Coping with prejudice! But how?

It was a long time ago. A close Turkish friend of mine and I had decided to review our prejudices. Both of us were going to share our memories on the subject. The subject was an extremely painful one for both of us and we were searching for a solution.

He started talking first. He was at a meeting in America. He was a valuable scientist. As he was talking to an elderly American friend who also was a valuable scientist, the conversation turned to Arabs. He suddenly found himself saying things like “I don’t like the Arabs!” “They eat with their hands!” “They are ignorant!” “For years they have been under the yoke of their Sheikhs but don’t do anything about it” etc. etc., when the elderly American scientist broke his long silence and in a totally calm and distant manner said: “prejudice!”… My friend felt like he is falling down a cliff. Confronted with this simple, cold and distant word he had no foothold left. The only thing he could do was to accept it. “Yes” he said, “I am prejudiced…” He attempted to continue with the word “But” when the American man said “Once upon a time the whole of humanity went through dark times” and with this the subject was closed. My scientist friend is still unable to forget the impact this event had on him.

Again in another story he told me that in the institution where he worked once there were tutors who could not speak English, who were what we call ‘children of Anatolia’, about who he used to think thoughts like: “the moment they cross the country borders they could not even work as shoe-cleaners!” He told me that during a psychoanalysis session he shared his thought with his analyst, and that his analyst immediately responded. His analyst said: “What do you know about them? Do you know with what great difficulties they came to this point? And on top of that you allow yourself feel superior by putting them down. I see that you still don’t understand that if the oceans were made of ink and the trees were pencils, you could not finish writing science down…”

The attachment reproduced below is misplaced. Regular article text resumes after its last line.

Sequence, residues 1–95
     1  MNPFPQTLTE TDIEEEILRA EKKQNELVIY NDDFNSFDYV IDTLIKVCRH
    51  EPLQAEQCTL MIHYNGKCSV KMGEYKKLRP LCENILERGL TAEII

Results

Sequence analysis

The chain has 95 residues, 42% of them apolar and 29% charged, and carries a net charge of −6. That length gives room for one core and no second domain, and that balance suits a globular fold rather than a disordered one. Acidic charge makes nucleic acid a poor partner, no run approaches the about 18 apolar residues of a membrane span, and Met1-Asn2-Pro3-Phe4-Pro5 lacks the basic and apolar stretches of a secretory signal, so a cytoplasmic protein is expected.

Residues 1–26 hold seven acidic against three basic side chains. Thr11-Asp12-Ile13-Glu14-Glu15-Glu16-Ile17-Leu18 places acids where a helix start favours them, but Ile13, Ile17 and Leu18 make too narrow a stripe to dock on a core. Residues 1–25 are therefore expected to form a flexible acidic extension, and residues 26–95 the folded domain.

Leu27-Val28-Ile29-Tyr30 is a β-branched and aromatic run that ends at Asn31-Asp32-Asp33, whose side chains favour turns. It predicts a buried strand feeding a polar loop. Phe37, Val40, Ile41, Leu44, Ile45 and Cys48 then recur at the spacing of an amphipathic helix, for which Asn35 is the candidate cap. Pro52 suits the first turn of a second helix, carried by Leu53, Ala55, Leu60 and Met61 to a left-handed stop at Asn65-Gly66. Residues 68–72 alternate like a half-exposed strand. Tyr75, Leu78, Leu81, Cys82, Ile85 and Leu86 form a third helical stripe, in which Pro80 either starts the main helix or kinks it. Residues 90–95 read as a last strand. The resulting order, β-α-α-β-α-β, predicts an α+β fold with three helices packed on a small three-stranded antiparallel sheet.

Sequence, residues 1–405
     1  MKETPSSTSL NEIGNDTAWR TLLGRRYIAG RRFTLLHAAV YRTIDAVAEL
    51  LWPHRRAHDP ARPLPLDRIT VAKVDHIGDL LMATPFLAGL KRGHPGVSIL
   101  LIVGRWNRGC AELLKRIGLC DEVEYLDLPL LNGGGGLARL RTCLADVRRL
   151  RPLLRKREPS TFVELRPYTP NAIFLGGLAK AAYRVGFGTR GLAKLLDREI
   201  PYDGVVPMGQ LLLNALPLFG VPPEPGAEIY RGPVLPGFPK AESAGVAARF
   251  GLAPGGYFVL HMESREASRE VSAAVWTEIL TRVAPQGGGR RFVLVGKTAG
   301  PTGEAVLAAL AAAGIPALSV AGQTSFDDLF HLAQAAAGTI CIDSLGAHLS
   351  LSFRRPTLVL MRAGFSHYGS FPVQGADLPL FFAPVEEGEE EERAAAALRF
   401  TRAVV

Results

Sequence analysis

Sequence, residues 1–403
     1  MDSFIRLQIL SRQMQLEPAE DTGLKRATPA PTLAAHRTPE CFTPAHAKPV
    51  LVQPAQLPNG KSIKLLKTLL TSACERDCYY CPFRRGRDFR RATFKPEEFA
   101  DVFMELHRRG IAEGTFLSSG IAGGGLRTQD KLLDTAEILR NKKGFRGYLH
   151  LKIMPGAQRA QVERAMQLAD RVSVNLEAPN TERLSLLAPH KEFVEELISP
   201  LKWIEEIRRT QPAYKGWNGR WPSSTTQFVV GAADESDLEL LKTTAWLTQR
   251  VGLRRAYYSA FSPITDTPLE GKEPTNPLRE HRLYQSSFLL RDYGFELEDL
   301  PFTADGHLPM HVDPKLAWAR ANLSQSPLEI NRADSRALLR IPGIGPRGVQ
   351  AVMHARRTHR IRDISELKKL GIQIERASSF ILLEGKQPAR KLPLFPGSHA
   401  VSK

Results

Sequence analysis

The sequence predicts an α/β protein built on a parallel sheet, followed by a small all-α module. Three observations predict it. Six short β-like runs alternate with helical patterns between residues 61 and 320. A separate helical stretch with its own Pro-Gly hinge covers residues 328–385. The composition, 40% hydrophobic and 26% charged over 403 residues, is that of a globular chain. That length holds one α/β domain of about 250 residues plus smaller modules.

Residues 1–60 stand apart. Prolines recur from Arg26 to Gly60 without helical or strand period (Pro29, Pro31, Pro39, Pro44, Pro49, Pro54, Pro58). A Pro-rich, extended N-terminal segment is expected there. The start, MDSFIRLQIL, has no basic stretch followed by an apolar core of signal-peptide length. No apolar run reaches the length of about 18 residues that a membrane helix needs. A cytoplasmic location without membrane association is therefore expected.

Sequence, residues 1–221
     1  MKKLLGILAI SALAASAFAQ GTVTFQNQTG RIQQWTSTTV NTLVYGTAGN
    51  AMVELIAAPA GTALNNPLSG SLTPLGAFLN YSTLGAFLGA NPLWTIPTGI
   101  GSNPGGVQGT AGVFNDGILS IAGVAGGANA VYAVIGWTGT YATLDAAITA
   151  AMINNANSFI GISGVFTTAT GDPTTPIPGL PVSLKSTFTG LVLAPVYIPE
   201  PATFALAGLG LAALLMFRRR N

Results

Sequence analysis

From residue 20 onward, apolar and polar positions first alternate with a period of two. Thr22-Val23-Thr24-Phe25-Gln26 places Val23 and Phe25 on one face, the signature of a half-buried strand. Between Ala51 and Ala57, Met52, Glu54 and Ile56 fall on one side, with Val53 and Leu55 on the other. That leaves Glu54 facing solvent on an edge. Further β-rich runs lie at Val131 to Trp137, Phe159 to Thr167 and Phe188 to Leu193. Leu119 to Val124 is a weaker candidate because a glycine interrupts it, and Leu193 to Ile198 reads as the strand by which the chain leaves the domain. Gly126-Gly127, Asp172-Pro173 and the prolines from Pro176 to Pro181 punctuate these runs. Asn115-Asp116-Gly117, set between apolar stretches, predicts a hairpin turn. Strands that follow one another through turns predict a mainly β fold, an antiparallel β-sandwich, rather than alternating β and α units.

And the experience analyst added: “Don’t forget the world is large enough for everyone”…

In short, as we know, humans have good and bright states or bad and dark states. What is important is that one is aware of the state one is in. Have there not been times when even someone who greeted you was met with prejudice and you suspected an ulterior motive? When a wise person noticed your prejudice and said: “Did you split his heart open and look inside that you are able to say he means ill?” did you then not feel get flustered?

So what should be done in order to be tolerant and destroy prejudices one by one? Maybe we should listen to close friends, and like my friend and I go over these damned prejudices one by one and, in one word: get rid of the “shame”…